Parades and Funeral Processions on Fifth Avenue Part IV

 
 

Founders of the New York Coaching club

The four-in-hand left the Brunswick Hotel at half-past ten every morning and reached Pelham Bridge at noon, passing through Harlem, Mott Haven, Fox Corners, Union Port, West Chester, and Middletown. The return trip began at four o'clock in the afternoon, and the Hotel Brunswick was reached at half-past five. Colonel Kane did not expect to make money out of the venture, but charged three dollars a seat per round trip, box seats costing fifty cents extra and no charge being made for passengers' baggage up to eighty-five pounds. The venture aroused lively interest among the fashionable set of the city, and a coaching club was formed on the model of the London Four-in-Hand Club, Messrs. James Gordon Bennett, Delancey Kane, Thomas Newbold, Frederic Bronson, Leonard Jerome, A. Thorndike Rice, William Jay, William P. Douglas, and S. Nicholas Kane being the founders. The club increased in membership, and coaching was much in vogue among the leisure classes for some ten or a dozen years. On any bright summer afternoon prominent members of New York society could be seen driving their handsome four-in-hands through Central Park and along Fifth Avenue, and the sight never failed to arouse interest.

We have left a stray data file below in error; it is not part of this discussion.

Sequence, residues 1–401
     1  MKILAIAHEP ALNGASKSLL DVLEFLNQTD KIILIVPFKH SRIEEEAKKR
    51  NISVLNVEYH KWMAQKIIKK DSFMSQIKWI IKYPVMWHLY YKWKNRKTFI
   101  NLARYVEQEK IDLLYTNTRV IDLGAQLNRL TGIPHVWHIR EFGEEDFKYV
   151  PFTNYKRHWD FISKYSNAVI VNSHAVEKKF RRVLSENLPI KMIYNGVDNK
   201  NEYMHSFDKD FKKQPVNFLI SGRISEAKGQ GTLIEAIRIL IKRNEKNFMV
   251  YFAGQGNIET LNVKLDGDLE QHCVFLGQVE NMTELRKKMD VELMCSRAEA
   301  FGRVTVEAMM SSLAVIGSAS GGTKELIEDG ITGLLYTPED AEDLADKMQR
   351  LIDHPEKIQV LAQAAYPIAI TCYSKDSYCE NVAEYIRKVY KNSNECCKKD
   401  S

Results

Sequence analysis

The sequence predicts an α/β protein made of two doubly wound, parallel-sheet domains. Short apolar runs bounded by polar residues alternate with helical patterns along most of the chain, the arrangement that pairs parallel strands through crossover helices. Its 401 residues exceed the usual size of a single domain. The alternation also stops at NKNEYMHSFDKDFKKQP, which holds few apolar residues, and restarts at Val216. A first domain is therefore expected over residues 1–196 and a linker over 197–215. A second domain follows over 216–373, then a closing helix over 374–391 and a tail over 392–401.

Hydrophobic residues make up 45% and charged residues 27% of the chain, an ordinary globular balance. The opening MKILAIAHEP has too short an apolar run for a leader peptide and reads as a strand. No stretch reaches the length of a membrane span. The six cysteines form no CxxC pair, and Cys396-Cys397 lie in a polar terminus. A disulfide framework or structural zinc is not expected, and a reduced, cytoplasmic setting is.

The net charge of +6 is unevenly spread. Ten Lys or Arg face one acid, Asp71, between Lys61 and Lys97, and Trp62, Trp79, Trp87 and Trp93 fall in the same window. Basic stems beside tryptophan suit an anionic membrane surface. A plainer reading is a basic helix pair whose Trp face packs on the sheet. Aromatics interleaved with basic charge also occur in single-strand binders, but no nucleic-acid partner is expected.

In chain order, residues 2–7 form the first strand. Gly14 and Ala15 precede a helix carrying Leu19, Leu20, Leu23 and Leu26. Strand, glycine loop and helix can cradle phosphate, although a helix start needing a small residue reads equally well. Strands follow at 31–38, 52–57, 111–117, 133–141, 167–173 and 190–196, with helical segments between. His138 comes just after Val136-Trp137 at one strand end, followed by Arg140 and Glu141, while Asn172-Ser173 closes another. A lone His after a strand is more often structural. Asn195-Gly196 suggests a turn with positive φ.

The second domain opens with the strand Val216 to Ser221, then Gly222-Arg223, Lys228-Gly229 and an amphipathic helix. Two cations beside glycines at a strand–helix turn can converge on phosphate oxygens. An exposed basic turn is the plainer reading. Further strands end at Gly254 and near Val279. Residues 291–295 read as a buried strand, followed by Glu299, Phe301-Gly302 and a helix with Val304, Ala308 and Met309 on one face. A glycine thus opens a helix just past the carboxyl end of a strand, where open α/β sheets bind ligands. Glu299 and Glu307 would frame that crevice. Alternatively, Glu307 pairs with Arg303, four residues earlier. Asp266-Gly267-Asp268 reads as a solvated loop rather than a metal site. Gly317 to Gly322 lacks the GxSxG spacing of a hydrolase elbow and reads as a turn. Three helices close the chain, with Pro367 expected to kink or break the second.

"Coaching Day" on Fifth Avenue was always the occasion of a grand turnout of the wealth and fashion of the city. It came the last Saturday in May and was the day when the New York Coaching Club held its annual parade. The line of four-in-hand tally-ho coaches formed before the Brunswick Hotel, handsomely decorated in brilliant colors, and with the president of the club leading, moved up Fifth Avenue to 59th Street, and drove through Central Park to Mt. St. Vincent; then returned to the Avenue and down to Washington Square, driving back to the Brunswick for the club's annual dinner.

. The smart coaches were a beautiful sight as they rolled along the Avenue with their handsome horses prancing with arching necks, their boxes filled with richly dressed women flashing in silks and jewels, the club members in bottle-green cut-away coats with brass buttons and tall white hats, while the Avenue echoed with the sweet, mellow call of the tally-ho horns. All the social world lined Fifth Avenue to applaud or envy the glittering pageant, while windows and balconies were filled with pretty faces and the sun shimmered on gay parasols, sparkling gems, lavish bouquets of choicest flowers, and costly dresses of a thousand rainbow hues.